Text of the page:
What these two Manchester creatives do with glass will take your breath away


The breath of glassblowers isn’t usually visible in the finished products of their labour.

But Manchester-based creatives Jahday Ford and Joseph Hillary are changing that with a new exhibition at the Manchester Craft & Design Centre.

Breathe uses innovative digital design and traditional glassblowing techniques to visualise blown air in sculptural forms.

The concept came about when both digital designer Joe and glassblower Jahday were students at Manchester Metropolitan University and thought about a way to combine their skills and create something unique.

“I approached the idea to bond these two arts,” says Jahday. “It was a fusion of his process of digitally processing wood and my glassblowing technique.”

Pic Yohan Solo

They took inspiration from the work of British graphic designer Michael Eden who collaborated with a European glass studio to create an Audrey Hepburn-shaped lamp.

“We realised you can create these impossible objects using digital manufacturing,” says Joe, “so we came up with the idea of really capturing the craftsman’s hand in the piece.”

When they first started working on their project, they had no idea what the outcome would be.

“Not even the technical instructor who helped us, with 20 years of experience behind him, knew what will happen so it was all about belief in the process that something will come from it.”

They started by recording Jahday’s blows with an i-phone in the glass studio at their university. After that, Joe used computer software to illustrate the sound waves which were turned into wooden moulds.

That’s how the process of encapsulating an ambient sound in a physical object began.

The final stage in creating the finished glasswork goes right back to the start of the process, with Jahday blowing hot, coloured glass through the mould Joe has prepared.

Pic Ester Segarra

Their technique raises the bar for what can be achieved when working with glass, as craftsmen could actually create more meaningful pieces– as they could potentially quite literally say something– instead of only serving as decorations.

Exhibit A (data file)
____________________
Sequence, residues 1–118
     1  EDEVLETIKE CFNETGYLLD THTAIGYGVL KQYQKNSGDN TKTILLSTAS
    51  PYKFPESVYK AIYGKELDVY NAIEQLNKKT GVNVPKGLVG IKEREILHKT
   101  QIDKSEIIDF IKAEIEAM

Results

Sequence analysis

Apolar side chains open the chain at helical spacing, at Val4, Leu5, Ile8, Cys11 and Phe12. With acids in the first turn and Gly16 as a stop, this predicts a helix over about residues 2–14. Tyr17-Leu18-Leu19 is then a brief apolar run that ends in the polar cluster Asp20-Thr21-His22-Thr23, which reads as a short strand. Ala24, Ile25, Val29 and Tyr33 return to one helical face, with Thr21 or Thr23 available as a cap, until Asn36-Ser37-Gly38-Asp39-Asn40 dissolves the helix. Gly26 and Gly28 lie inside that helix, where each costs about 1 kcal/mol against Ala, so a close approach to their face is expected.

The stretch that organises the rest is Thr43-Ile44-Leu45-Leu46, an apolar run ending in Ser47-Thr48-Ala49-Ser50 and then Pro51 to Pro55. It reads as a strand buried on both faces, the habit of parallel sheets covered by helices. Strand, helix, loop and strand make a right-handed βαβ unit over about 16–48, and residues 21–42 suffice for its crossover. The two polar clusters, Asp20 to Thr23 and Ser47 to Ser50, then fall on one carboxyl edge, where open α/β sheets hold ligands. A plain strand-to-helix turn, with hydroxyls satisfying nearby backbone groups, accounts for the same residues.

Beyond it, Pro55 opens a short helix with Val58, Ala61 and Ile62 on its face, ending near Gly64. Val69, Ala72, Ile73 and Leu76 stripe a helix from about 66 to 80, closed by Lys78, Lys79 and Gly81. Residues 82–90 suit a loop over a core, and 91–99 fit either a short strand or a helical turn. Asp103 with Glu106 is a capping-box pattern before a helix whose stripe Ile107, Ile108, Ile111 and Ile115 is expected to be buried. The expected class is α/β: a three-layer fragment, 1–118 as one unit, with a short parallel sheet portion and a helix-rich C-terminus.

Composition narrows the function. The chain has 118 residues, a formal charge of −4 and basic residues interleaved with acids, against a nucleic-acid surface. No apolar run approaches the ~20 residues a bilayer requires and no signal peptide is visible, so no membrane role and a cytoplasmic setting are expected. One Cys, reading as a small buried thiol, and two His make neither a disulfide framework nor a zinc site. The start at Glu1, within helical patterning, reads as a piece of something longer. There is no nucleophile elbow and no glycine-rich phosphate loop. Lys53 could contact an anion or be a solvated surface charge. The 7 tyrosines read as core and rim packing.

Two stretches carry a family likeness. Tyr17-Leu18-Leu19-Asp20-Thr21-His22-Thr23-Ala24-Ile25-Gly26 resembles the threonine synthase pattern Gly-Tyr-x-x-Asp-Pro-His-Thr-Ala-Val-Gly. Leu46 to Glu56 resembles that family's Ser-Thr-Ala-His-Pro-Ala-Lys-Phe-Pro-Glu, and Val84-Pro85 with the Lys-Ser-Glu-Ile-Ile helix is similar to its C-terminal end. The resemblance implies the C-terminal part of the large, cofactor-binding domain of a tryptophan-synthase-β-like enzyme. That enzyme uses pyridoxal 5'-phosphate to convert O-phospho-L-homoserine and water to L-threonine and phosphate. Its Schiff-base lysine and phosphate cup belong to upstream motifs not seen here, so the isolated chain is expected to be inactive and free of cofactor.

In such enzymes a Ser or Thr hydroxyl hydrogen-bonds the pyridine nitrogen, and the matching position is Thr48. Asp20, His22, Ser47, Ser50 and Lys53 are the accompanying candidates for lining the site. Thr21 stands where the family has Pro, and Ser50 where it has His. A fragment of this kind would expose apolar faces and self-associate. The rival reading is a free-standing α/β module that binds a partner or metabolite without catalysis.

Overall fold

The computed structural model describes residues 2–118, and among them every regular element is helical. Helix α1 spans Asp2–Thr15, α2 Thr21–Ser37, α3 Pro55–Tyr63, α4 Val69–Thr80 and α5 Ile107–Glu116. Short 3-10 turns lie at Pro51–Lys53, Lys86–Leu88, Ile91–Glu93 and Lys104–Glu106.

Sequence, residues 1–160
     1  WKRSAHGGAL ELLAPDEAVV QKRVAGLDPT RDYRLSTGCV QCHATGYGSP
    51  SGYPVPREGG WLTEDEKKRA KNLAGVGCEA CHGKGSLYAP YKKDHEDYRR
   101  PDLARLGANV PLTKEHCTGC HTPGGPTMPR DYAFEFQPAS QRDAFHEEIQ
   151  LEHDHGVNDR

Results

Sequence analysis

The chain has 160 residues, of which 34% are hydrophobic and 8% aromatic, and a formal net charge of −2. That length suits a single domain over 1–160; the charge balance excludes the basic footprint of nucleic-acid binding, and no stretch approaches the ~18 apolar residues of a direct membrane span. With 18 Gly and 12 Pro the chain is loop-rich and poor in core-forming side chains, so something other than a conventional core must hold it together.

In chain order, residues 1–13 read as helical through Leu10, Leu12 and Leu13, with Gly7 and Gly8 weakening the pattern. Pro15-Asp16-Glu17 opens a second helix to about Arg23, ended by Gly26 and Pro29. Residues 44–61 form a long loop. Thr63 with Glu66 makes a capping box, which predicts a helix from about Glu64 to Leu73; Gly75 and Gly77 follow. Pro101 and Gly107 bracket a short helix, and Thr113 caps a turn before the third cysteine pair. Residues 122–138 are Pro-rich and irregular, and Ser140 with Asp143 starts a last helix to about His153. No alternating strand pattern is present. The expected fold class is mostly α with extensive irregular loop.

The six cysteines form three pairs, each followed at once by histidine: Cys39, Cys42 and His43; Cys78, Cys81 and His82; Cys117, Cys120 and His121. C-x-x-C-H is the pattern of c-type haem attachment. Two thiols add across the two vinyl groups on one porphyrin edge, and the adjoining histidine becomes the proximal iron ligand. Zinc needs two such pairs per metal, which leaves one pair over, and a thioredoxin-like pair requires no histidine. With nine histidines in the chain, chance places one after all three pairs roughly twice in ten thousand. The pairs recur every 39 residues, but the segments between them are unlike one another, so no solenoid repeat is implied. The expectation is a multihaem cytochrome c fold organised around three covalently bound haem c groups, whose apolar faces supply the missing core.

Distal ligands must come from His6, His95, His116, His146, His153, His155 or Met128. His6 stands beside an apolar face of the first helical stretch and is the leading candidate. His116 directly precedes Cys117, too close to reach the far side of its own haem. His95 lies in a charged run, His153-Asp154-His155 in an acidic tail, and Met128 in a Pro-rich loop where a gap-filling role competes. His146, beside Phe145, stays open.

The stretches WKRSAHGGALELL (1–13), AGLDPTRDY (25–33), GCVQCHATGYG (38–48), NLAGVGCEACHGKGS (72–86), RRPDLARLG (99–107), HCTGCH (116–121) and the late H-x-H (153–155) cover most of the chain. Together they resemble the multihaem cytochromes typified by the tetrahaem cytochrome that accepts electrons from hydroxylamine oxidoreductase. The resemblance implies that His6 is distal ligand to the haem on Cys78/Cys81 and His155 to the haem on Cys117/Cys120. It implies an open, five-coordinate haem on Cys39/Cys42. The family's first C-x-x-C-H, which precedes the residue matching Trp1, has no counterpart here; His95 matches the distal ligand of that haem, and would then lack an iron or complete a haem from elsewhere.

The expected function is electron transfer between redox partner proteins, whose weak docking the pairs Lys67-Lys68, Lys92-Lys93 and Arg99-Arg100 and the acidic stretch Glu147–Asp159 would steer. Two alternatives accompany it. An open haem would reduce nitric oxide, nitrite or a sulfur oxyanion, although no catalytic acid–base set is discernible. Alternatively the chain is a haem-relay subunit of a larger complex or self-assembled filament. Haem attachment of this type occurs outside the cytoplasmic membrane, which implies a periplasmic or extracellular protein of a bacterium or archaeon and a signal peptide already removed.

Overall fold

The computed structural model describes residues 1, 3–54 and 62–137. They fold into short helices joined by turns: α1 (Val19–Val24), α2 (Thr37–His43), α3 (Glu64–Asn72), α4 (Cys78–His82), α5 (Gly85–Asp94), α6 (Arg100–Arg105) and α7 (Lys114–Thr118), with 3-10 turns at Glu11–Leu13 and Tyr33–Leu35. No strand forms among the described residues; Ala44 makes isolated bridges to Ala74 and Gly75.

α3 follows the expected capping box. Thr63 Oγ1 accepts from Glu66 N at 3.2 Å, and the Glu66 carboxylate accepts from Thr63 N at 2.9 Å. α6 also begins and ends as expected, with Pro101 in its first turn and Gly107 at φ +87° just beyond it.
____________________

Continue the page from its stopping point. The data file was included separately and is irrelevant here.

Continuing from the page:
“The process was one of trial and error,” says Jahday. “We had to find a bond between the glass, the wood mould and the digital process. There were a lot of hiccups, the glass broke sometimes, the polishing phase was quite difficult as well, but it was all a great adventure.”

He laughs reminiscing about the time one of the wooden moulds caught fire.

“There was so much smoke I choked and we couldn’t see anything. That’s when we realized we were actually doing something dangerous. After our third attempt we got it right and it’s then we started to adapt the colours and look at creating metallic effects and so on.”

The exhibition will host around ten or twelve pieces, as they don’t want it to be “too crowded’ and will showcase the wooden moulds. They will also present a video which aims to better explain the creative process.

“We struggled to get the idea across because it is quite conceptual, so we hope the video will do that,” says Joe. “I’m so excited! It’s been like a long time coming.”

Manchester Craft & Design Centre 8 February – 12 May 2018.


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